Hurricane Nate threw a wrench in plans for several big festivals and events planned this weekend.

While event organizers say they understand adjusting for severe weather, they think the cancellations this weekend could have been avoided.

Gretchen Bradford made sure everything was ready for the 10th annual Gentilly Fest.

"We started Thursday morning around 8 a.m. and we finished Friday around 4 p.m. so almost a two-day set up," Bradford said.

Then came an announcement from the city that all movable structures had to come down and a curfew would go into effect Saturday night. That announcement effectively shut the festival down.

"It's heartbreaking because we planned for a whole year," Bradford said.

Other events disrupted were Beignet Fest, Que Pasa Fest and Ponderosa Stomp. Ira Padnos helped organize Ponderosa Stomp, which had to cancel events on Saturday too.

"Once we were told it was a mandatory curfew, the venue and us complied and we had to cancel the Saturday night show," Padnos said.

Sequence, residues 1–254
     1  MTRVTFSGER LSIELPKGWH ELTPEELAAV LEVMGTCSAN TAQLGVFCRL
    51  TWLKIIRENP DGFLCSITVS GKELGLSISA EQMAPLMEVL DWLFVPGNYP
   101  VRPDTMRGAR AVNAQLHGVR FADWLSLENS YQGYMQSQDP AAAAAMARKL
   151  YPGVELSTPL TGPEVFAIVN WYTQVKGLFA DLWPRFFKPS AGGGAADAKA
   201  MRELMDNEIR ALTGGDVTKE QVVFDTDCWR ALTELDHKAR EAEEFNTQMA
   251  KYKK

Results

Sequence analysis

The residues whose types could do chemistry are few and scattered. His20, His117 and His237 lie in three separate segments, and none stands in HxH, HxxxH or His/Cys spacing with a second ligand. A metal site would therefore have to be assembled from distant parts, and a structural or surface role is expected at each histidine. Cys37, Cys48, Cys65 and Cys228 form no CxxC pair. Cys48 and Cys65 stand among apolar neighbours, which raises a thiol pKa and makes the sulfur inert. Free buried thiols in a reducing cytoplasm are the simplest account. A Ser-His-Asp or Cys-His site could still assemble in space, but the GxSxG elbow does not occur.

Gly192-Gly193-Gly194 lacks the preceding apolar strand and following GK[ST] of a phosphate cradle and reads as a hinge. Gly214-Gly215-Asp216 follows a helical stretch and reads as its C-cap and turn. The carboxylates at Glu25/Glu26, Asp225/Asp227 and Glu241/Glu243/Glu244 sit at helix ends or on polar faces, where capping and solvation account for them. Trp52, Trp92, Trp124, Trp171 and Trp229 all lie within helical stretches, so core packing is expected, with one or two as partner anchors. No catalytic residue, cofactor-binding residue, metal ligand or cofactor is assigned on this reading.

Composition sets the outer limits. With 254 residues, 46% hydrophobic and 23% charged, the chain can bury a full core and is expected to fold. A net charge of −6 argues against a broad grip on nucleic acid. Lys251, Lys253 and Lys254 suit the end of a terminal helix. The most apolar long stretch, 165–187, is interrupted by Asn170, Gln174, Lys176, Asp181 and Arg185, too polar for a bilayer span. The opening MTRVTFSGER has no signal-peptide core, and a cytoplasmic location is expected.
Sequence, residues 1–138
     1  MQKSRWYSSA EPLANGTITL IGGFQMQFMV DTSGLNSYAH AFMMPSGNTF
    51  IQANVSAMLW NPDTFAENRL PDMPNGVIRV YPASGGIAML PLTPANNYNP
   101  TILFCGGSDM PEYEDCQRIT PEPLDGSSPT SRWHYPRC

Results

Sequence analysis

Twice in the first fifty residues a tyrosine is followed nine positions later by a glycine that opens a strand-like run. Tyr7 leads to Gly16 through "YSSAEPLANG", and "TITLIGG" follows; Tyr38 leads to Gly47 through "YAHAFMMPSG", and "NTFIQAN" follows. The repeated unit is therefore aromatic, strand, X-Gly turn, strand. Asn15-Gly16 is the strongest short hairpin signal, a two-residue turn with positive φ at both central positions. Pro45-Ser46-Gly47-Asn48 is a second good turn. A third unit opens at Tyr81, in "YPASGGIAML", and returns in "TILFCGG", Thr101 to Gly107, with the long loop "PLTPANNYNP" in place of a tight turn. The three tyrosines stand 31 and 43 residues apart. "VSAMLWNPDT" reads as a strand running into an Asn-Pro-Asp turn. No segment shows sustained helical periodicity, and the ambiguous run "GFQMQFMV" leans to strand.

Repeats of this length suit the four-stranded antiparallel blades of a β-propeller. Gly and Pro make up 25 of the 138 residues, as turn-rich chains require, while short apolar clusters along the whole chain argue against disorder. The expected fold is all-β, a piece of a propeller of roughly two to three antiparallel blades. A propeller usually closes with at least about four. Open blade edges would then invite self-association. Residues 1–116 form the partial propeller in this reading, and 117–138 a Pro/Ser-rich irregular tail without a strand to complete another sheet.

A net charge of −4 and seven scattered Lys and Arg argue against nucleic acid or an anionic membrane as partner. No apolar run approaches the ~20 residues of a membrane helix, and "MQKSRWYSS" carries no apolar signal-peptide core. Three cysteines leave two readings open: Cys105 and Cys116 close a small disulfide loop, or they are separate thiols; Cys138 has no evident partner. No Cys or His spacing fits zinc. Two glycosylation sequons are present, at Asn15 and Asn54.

He was frustrated that curfew only lasted an hour and a half Saturday night.

"Complete disbelief," Padnos said. "We had literally worked hard for two years to put on this show."

Businesses on Magazine Street planned for one of the busiest weekends with Art for Arts Sake kicking off Saturday.

"A huge weekend that never happened," David Gordan, co-owner of Funrock'n said.

He was equally perplexed by the curfew that lasted about 90 minutes before lifted.

"It just made me laugh and shake my head and go oh my god," Gordan said.

Mayor Landrieu is standing by his decisions Sunday.

"People will always second guess this work, but I feel 100 percent confident in the decisions we made given the threats that were standing in front of us," Landrieu said.

While those impacted say they understand cancelling plans in the event of severe weather, they think the city jumped the gun.